Denver Direct: Serious negative effects on CenturyLink’s customers

Monday, March 19, 2012

Serious negative effects on CenturyLink’s customers

by Dave Felice
State lawmakers are considering a bill that would have serious negative effects on CenturyLink’s customers and could force tough decisions and reduced investment in CenturyLink’s business in Colorado.

SB 12-157 singles out CenturyLink and targets its customers and employees with damaging reform while other carriers benefit.

What does the bill do?
· CenturyLink loses ~$50 million from the state High Cost Fund to provide voice services to customers in high-cost rural areas
· CenturyLink loses ~$12 million as the bill reduces the prices long distance companies pay to use our local CenturyLink network
· Prevents CenturyLink from recovering any of those losses while allowing other providers to recover their losses.
· Takes up to $40 million a year from the High Cost Fund to go to a government agency for rural broadband expansion, but without adequate oversight or controls.
· Claims to remove most regulation in Colorado but comes with many, many strings attached.

How does the bill impact CenturyLink in Colorado?
· Jobs and broadband investment at risk – A loss of $62 million will force CenturyLink to make tough decisions:
o Where does CenturyLink need to cut back to make up the loss?
o Can customers afford to pay the costs to provide service to high costs areas?
· Risks hundreds of millions of dollars in federal broadband grants – The bill would drastically change Colorado’s regulatory landscape and that could result in Colorado missing out on its share of the billions of dollars the FCC set aside for broadband development.
· Threatens broadband and voice availability and affordability for most rural consumers – Many rural consumers could lose their service altogether, or be asked to pay the actual cost of providing that service (which exceeds $200 per month in many areas).
· Chooses winners and losers among telecom providers and customers:
o Long distance carriers win: long distance phone companies save more than $10 million each year at our expense.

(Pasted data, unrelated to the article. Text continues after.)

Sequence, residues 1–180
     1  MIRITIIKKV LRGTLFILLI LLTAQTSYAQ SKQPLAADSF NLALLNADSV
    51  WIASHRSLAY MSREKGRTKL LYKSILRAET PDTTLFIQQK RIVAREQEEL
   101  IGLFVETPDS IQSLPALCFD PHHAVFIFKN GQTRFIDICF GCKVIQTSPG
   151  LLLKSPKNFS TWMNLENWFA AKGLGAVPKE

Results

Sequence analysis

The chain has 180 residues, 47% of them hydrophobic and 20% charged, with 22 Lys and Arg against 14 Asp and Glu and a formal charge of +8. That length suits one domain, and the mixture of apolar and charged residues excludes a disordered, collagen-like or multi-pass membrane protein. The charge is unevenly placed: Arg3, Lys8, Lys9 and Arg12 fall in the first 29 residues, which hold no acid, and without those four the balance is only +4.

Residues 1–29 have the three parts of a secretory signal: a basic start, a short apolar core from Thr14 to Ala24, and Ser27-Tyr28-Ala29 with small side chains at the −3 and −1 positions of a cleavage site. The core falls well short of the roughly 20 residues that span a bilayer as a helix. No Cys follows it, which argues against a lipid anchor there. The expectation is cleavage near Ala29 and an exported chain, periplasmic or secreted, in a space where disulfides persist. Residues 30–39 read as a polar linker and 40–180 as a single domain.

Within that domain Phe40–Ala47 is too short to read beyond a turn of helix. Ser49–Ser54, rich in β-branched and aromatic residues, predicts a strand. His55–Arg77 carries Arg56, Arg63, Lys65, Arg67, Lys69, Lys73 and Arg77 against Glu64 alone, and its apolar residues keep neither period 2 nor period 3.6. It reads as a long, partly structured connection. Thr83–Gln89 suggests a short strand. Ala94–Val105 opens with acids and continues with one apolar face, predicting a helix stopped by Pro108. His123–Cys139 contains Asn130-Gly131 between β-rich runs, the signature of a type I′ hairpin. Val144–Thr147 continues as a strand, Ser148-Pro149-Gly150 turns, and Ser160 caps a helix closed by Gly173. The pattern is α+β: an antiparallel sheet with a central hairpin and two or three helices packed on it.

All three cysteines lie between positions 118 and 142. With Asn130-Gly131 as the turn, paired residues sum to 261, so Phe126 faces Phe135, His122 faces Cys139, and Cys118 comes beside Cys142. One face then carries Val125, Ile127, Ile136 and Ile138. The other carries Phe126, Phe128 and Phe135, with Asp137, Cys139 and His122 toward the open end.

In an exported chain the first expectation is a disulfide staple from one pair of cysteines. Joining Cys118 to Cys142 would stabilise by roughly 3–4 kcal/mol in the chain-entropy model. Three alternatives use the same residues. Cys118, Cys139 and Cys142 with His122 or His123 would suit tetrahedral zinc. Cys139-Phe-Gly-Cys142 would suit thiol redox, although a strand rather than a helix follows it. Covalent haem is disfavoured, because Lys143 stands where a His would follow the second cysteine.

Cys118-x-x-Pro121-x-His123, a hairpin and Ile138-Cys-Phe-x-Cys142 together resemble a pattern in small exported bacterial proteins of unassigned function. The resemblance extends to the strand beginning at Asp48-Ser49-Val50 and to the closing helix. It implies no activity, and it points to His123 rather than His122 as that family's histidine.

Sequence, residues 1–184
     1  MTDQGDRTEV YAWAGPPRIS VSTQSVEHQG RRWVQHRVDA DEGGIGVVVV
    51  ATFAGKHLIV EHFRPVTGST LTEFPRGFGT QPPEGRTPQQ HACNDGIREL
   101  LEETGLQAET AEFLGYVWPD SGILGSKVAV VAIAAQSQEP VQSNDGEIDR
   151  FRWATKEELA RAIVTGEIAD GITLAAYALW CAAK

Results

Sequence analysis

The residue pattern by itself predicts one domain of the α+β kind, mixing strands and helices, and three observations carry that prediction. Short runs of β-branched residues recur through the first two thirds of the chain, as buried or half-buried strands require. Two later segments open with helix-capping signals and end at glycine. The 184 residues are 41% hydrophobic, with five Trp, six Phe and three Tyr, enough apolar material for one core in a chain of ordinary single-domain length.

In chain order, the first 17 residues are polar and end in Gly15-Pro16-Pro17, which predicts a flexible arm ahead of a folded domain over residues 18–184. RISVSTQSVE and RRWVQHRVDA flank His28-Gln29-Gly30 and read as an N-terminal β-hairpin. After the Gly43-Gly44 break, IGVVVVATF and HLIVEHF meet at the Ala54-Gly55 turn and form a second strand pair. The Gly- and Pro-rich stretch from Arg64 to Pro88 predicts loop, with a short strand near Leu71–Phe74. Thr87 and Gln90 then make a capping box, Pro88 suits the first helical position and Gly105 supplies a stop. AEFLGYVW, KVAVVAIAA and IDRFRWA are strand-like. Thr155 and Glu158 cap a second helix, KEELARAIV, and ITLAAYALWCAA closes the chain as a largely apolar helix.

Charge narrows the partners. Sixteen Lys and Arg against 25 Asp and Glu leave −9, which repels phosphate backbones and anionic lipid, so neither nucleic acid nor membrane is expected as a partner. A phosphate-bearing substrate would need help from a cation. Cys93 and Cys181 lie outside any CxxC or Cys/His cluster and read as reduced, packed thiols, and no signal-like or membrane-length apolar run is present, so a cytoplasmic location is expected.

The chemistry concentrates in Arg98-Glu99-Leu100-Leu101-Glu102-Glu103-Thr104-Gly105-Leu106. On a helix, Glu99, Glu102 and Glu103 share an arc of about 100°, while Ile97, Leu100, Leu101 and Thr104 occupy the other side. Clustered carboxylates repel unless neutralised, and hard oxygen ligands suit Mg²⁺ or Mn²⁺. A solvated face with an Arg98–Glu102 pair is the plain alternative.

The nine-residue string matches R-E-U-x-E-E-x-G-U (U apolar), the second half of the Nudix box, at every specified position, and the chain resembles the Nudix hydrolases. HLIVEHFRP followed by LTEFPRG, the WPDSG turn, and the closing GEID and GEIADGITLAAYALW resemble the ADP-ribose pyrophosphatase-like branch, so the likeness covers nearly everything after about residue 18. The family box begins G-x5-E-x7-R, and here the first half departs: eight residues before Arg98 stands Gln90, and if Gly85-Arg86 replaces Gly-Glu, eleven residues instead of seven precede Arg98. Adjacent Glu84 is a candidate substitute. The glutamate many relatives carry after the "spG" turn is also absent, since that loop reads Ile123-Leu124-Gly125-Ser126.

o Rural carriers win: their customers get continued high cost support, regulatory flexibility, and the ability to recover lost revenue. The bill cuts CenturyLink out.
o Unregulated, unaccountable broadband providers win: they get the opportunity to bid for broadband projects funded by dollars meant to keep rural phone rates low, with no process to ensure that the broadband networks ever get built.
o CenturyLink customers lose – without high cost support, the cost burden is left on the shoulders of our customers
o CenturyLink employees lose – $62 million per year means tough choices. If the bill passes, costs will have to be cut.

What can you do?
If you are interested in supporting CenturyLink employees and customers, you can send an email to legislators telling them Senate Bill SB157 is bad for Colorado. The following legislators will be discussing this bill in the first committee.
Sen. Lois Tochtrop: Senate District 24; [email protected] Cap phone 303 866 4863
Sen. Irene Aguilar: Senate District 32; [email protected] Cap phone 303 866 4852
Sen. Ted Harvey: Senate District 30; [email protected] Cap phone 303 866 4881
Sen. Cheri Jahn: Senate District 20; [email protected] Cap phone 303 866 4856
Sen. Shawn Mitchell: Senate District 23; [email protected] Cap phone 303 866 4876
Sen. Jean White: Senate District 8; [email protected] Cap phone 303 866 5292
Sen. Suzanne Williams: Senate District 28; [email protected] Cap phone 303 866 3432

If you wish to get more information on this bill, you may call Edie Ortega 303 992 5846 or [email protected] or Jeff Wirtzfeld 303 992 5814 or [email protected]